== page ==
LOCAL ELECTIONS / ESCONDIDO CITY COUNCIL : Incumbents Face Test of Slow-Growth Policy : Politics: Mayor and the council members aligned with him could be upset if the voters think that their fervor has hurt the community's economy.


Ah, for the good old days in Escondido city politics, when pro-growthers and slow-growthers duked it out to shape the city's destiny and the battle lines were so easily drawn: the business-steeped old-timers versus the upstart environmentalists.

Now, those upstarts are the old-timers and the question to voters on Tuesday will be whether the city's politicians have slowed growth here too successfully, at the expense of the city's economic viability.

Although that question has surfaced as the basic issue in Escondido these days, it has hardly reached the level of pitched battle.

Consider the fact that incumbent Mayor Jerry Harmon, the champion of slow growth since the mid-1970s, faces only one challenger for the two-year term: a woman who said she's only running because no one else dared to.

"I don't think anyone is invincible, and I'd be damned if he was going to run unopposed," says P. K. (Patricia) Walker, a local bookkeeper who ran for the City Council four years ago and finished in the middle of a jammed, 16-candidate pack.

"I'm going to beat him because he doesn't take me seriously," she said. "He's more worried about getting his own people on the council than he is with his own reelection."

Therein lies perhaps the biggest question on Tuesday: Will Harmon, who in 1988 finally forged a council majority aligned with his slow-growth philosophy, successfully carry his slate back into office?

One on his slate is incumbent Carla DeDemonicis, an attorney who was elected along withHarmon four years ago who has since lost the support of the city's organized mobile home voters, who backed her in 1988.

The other is Rick Foster, who was appointed to the council in 1990 to finish Harmon's two-year council term after Harmon was elected mayor. Foster, a director of field operations for a health testing company, had long been in the Harmon camp, had managed DeDemonicis' campaign for City Council in 1988 and did the same in 1990 for Councilman Sid Hollins.

The third council seat at stake Tuesday has been held by Kris Murphy, who was elected in 1988 as a Harmon protege but has decided he's had enough and wants to bail out of local politics.

If DeDemonicis and Foster survive any sort of anti-incumbency sentiment at the polling booth, and, if Harmon doesn't slip on some banana peel, the race in Escondido on Tuesday will be for the seat being vacated by Murphy.

And true to form, Harmon has his favored candidate--Kevin Thomas, a born-and-bred Escondidan and graphic designer who has been active in the city's business community.

Harmon says Thomas is needed to bridge the gap between slow-growthers and those who wonder if the current City Council has gone overboard in putting a lid on local development. Thomas, 35, has served for three years as president of the Downtown Business Assn. and has been active in the Chamber of Commerce and the Escondido Convention and Visitor's Bureau, but this is his first try for public office.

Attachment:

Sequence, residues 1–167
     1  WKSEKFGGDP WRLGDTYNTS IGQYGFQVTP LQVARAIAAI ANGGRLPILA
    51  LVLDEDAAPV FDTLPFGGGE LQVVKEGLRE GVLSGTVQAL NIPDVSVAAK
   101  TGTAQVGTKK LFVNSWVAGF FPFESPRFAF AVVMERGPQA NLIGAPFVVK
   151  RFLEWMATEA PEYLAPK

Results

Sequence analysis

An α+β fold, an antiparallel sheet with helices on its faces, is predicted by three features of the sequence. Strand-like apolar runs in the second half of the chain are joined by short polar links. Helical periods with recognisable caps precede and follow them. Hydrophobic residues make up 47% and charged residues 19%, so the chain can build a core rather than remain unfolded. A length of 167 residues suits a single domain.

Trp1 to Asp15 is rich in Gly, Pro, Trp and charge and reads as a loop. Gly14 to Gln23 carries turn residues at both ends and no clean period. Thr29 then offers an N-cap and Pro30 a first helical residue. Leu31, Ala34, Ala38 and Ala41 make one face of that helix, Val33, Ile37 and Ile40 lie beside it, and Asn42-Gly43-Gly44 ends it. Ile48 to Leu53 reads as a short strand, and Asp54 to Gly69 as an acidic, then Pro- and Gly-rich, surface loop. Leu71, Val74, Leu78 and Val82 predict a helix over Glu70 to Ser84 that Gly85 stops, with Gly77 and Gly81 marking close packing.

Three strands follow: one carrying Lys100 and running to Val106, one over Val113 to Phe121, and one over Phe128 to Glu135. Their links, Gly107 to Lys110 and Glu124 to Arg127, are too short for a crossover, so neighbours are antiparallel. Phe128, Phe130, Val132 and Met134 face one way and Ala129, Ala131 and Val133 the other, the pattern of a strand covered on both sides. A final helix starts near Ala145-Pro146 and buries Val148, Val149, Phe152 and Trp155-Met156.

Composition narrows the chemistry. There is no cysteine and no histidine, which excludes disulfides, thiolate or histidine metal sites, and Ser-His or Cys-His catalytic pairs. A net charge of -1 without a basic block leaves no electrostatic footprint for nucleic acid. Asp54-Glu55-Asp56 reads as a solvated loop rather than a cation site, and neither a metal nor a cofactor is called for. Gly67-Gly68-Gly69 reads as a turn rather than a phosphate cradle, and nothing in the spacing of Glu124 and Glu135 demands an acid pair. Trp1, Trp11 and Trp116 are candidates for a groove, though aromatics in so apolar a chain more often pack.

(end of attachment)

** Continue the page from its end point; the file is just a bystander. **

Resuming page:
Thomas says his agenda would be to attract new business into the community. "We need to broaden our economic base--not by building more houses, but bringing in business to provide more jobs," he said.

Raising the same issue is Elmer Cameron, another front-runner whose long ties in the community were established during his 21 years as an administrator in the Escondido Union (elementary) School District.

Cameron, 63, pitches himself as a moderate, somewhere between Harmon's slow-growth campaign and the bigger-is-better philosophy held a decade ago by former council members Jim Rady, Doug Best and Ernie Cowan.

Atop his agenda, Cameron said, is a review of city fees that have dissuaded businesses and home developers from looking to Escondido. "Our developer fees are the second-highest in the county, and we don't even have people coming here who want to build the homes that we need," he said.

Two other candidates with high profiles in the community are Lori Holt Pfeiler, a 34-year-old accountant, and Vivian Doering, a 61-year-old attorney and former trustee of the elementary school district.

Pfeiler has assailed City Hall for being unfriendly to business and for providing inadequate police protection, while Doering--who ran for council in 1982 and 1988--has hit the crime issue and says City Hall is cavalier in spending money--ranging from spending $2.5 million to buy and raze a bank building alongside the civic center complex, to spending $17,000 for gold leafing of City Hall.

Dark-horse candidates, given their previously low community profiles or poor campaign war chests, are Jim Fraker, 37, who says excessive red tape has stifled private enterprise; Richard A. Sardo Jr., 34, a land-surveyor and former city employee who says some municipal functions should be privatized, and Joseph Peterson, a 23-year-old Palomar Community College student.

Because there are only two candidates for mayor, the lines are more easily drawn.

Harmon, who recently retired as an engineer for Pacific Bell, said his reelection is requisite if the voters' 1988 mandate for slowed growth is to be preserved. "The changes that were made in 1988 won't be sustained if my opponent is elected," Harmon said. "If the residents want to reverse that course, they'll vote for her."

For her part, Walker says an improved downtown economy will only occur when City Hall itself becomes more receptive to businessmen.

Copyright © 2019, Los Angeles Times
EDITION: California | U.S. & World